Who is Saeed bin Suroor?

Dubai-born Saeed bin Suroor has been associated with Sheikh Mohammed bin Rashid Al Maktoum, founder of Godolphin, since 1992. He was officially appointed Godolphin trainer in 1995 and made an immediate impact, winning the first three of his twelve British Classics, the Derby, Oaks and St. Leger, with Lammtarra, Moonshell and Classic Cliche, respectively. Indeed, Lammtarra also won the King George VI and Queen Elizabeth Diamond Stakes at Ascot and the Prix de l’Arc de Triomphe at Longchamp and was named Cartier Champion Three-year-old Colt.

Lammtarra was retired to Dalham Hall Stud, Newmarket at the end of his three-year-old campaign, but the following year, 1996, bin Suroor won another British Classic, the 2,000 Guineas, with Mark Of Esteem, who also won the Queen Elizabeth II Stakes at Ascot later in the year. All told that season, bin Suroor saddled just 48 winners, but a host of high-profile victories, including in the Coral-Eclipse and Juddmonte International with Halling and the Racing Post Trophy with Medaaly, yielded £1.96 million in prize money. In only his second year in charge, he became Champion Trainer for the first time and would win the trainers’ title again in 1988, 1999 and 2004.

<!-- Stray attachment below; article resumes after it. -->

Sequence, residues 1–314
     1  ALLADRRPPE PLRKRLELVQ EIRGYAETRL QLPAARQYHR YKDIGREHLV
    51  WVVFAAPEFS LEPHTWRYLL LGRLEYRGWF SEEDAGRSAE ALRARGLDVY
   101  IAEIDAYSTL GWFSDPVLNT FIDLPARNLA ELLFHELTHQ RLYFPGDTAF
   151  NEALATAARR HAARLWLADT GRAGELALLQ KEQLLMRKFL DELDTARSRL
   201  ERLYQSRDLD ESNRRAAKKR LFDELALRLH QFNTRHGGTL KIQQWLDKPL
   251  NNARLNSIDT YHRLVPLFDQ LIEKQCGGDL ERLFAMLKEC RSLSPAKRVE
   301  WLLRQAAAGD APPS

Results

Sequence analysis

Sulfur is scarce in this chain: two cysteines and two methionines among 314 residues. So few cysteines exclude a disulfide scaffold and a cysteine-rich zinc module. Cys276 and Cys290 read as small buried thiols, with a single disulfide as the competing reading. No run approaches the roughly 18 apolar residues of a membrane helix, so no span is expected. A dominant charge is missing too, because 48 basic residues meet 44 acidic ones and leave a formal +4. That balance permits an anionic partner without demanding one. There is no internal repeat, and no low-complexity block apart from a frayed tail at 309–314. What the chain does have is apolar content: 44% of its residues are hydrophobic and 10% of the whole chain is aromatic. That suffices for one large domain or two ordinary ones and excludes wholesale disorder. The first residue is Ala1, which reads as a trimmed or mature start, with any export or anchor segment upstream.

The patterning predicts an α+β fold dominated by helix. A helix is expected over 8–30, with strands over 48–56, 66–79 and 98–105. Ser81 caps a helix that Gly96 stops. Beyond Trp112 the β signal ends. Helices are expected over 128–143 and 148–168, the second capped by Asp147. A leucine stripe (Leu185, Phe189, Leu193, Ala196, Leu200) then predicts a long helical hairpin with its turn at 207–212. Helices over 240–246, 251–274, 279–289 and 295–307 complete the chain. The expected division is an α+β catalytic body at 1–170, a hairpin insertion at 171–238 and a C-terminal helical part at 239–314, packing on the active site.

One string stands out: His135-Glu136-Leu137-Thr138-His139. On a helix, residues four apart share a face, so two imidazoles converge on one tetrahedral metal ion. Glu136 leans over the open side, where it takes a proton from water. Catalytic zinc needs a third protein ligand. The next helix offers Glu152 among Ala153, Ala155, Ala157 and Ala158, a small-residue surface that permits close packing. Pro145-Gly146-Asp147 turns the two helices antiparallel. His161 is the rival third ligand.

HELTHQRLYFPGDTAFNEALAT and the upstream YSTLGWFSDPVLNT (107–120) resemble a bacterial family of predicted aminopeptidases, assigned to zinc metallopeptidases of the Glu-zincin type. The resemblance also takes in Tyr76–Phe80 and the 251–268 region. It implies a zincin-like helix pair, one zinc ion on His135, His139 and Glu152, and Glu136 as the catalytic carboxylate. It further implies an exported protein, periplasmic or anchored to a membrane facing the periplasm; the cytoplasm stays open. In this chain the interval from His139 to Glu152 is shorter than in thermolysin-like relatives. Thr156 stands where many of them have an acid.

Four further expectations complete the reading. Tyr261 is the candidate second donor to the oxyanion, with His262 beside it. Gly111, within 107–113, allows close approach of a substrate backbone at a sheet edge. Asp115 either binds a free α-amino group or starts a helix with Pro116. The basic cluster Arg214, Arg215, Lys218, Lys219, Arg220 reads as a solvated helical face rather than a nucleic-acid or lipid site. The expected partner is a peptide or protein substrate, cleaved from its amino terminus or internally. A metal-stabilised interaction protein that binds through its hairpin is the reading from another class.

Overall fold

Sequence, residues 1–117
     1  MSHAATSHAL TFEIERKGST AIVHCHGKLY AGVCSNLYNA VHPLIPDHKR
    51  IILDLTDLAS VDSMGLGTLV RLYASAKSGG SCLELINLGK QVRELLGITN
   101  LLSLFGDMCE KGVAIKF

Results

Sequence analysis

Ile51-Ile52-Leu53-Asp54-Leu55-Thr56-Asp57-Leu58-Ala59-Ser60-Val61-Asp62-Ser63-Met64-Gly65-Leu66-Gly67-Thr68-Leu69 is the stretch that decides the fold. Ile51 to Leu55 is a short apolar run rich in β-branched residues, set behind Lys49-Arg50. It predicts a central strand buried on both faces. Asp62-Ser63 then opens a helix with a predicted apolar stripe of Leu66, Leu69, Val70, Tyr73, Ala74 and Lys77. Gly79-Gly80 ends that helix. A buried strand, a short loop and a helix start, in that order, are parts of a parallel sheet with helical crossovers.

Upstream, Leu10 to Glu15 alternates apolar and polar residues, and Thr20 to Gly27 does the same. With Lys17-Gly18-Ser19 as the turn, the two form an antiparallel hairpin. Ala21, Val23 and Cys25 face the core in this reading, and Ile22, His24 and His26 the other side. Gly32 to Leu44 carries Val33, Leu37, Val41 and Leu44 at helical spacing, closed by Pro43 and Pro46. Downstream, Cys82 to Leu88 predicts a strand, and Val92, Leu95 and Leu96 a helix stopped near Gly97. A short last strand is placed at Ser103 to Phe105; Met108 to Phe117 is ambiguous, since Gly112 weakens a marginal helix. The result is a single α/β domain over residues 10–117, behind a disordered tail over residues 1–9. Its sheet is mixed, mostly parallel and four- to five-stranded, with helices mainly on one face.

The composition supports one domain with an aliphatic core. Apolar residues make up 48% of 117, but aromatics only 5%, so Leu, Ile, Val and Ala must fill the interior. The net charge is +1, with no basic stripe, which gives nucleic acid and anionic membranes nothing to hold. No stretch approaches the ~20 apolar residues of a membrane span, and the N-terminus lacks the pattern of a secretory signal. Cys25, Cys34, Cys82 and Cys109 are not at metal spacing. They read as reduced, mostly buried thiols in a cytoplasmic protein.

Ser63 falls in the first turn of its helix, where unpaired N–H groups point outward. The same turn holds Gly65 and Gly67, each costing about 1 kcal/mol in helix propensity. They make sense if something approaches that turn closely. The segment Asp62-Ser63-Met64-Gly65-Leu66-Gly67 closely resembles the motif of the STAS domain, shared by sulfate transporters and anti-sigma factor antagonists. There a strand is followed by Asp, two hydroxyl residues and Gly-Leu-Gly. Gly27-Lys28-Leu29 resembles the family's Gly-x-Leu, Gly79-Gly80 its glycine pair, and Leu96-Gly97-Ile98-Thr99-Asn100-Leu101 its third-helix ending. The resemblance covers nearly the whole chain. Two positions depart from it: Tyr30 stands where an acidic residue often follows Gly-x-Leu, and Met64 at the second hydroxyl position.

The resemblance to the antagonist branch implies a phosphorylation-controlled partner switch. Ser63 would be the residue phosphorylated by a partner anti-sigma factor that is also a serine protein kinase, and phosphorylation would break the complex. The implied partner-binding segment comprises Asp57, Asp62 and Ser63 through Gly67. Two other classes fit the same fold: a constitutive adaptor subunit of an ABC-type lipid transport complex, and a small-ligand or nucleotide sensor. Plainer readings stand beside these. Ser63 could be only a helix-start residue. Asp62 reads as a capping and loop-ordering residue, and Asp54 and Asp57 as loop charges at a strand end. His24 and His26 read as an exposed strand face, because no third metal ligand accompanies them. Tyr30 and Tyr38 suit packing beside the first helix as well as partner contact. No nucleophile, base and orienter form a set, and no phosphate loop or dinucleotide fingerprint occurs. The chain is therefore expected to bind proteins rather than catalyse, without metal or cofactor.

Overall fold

Nowadays, the longest-serving Godolphin trainer splits his year between Al Quoz Stables in Dubai and Godolphin Stables, formerly Stanley House Stables, in Newmarket. Indeed, he has enjoyed spectactular success in one of the most prestigious and valuable races in the the world, the Dubai World Cup at Meydan, winning nine times between 1999 and 2019.